11 comments:

Sunny said...

Ugh!! Sorry about the sleep regression, that's awful. :( We never really went through that with Bean, although he didn't sleep through the night until he was 14 months old. A trade-off, I suppose.

My favorite sleep book is "Healthy Sleep Habits, Happy Child." It saved my life when Bean was 7 months old and wouldn't nap AT ALL!

Katie said...

Yep, I am a Weissbluth fanatic myself. Love. Him. Helped me to understand the why behind the sleep. I credit him with Will's successful sleeping.

Tracy said...

I may get harshed on for this, but we've had nights here and there where one or the other (and usually Evan) wakes frequently. We let him/them cry for up to 15 minutes, and if they don't put themselves back to sleep, we go make sure they're okay. Sometimes they need a drink, sometimes it's just a hug. Scott sometimes says, "are you sure his teeth aren't bugging him?" My response? If it didn't bug him all day, it's probably not bugging him now. He's just thinking about all the things he'd rather be doing than sleeping. I know. I'm hardcore. But I'm just not going there again.

Rebecca said...

Ummm...I must be a complete idiot b/c I didn't even know there was a sleep regression at 18 months...that explains a lot! We've been trying to wait 5 minutes before going in, but if my extremely grumpy husband freaks out, it's just easier to go in than calmly explain to him my rationale (again)! Hang in there!!!

Katie said...

Oh, Tracy, we don't usually go in, either and handle it very similarly to what you are doing. He just isn't sleeping as well, we're not sleeping as well, and it shows during the day. I just like the nights that I put him down and don't hear a peep until morning, and that is no not what's happening these days! I am pretty stern, too, about sleeping, because I feel as if it's really easy to learn bad habits.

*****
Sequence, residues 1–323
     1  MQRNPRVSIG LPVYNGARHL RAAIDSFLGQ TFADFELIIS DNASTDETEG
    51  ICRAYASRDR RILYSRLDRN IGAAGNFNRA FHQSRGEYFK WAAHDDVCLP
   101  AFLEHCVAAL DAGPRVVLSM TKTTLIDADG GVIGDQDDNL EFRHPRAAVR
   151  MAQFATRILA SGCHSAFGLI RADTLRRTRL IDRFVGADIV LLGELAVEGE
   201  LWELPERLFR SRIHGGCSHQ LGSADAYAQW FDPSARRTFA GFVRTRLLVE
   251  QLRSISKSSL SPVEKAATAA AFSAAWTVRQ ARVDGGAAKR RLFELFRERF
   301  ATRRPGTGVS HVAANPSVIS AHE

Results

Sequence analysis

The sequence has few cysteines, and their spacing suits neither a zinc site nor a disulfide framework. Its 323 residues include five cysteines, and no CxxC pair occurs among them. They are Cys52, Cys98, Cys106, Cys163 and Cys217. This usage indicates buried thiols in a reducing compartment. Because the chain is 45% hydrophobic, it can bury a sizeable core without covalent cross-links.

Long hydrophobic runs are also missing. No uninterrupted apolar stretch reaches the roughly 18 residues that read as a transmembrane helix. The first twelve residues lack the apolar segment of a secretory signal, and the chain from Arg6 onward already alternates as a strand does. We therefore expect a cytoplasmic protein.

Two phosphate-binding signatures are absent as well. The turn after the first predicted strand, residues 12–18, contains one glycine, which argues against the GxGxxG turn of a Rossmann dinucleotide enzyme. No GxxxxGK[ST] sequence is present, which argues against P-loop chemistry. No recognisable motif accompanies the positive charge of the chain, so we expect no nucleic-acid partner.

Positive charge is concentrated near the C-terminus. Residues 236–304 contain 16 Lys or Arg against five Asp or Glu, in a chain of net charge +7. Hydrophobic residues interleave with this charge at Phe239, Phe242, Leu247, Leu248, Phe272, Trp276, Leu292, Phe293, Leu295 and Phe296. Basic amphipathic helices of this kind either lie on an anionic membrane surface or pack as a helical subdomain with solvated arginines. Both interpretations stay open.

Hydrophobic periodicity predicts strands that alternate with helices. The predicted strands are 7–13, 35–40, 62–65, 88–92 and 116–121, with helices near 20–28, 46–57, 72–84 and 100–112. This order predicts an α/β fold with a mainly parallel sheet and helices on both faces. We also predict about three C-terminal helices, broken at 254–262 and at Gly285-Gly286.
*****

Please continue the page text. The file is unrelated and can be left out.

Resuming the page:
Danifred said...

We also had a hideous sleeper and also LOVE "Healthy Sleep Habits."

Tot, the hideous sleeper, is now a fabulous sleeper, so... there is hope :)

PamalaLauren said...

My kid tells me she's hungry right before bed and when she wakes up. It's her way of not going to sleep. She can have eaten like everything in the house and still be hungry.

Ellemes said...

I didn't know about the 18month thing. My Roo right around the Holidays, when she was 18 mon, was horrible about sleeping. I was so exhausted that I almost took her to daycare one day during our holiday break so that I could sleep.

Red said...

Wow, your son is text book!

I read the Moxie site when Champ was having sleeping issues. Unfortunately his was more to do with never actally learning to fall asleep without being fed and/or rocked. Once he learnt that (thanks to 'the no-cry sleep solution') we were saved! He did however continue to wake once per night for a quick breastfeed long after he needed to until he weaned at 15 months.

I too get scared when he wakes through the night now. Just a couple of nights of broken sleep send me panicking that he is going back into bad habits. It never is the case though, just usually an impending sickness or a paticuarly hot night (with him overdressed by yours truely).

Hope the regression is short lived.

Beth said...

Ah, yes, motherhood...the "perpetual state of exhaustion". Nice to hear we're all in this together - it makes me feel less crazy! :)

Do you have white noise machines? We use air purifiers in each room, as we all have allergies and it doubles to help drown out nighttime baby/toddler/dog noises.

I laughed out loud when you wrote that Emma has been up, opposite Will - because I can so relate. My first two were like that for a long time!

I hope for your sake that Emma takes after her big brother and starts STTN at a very young age! The only bummer about having a second (or more) is that you can't nap when the baby does to catch up. The upside? You already know this, and have the tools you need to help you through just about any phase of sleeplessness or regression!

Hope this new phase of Will's passes quickly.

Ms. J said...

I got nothing to offer, 'cept commraderie at present (zzzzzz, soooo tired on my end!).

Reaching for my diet coke ;o)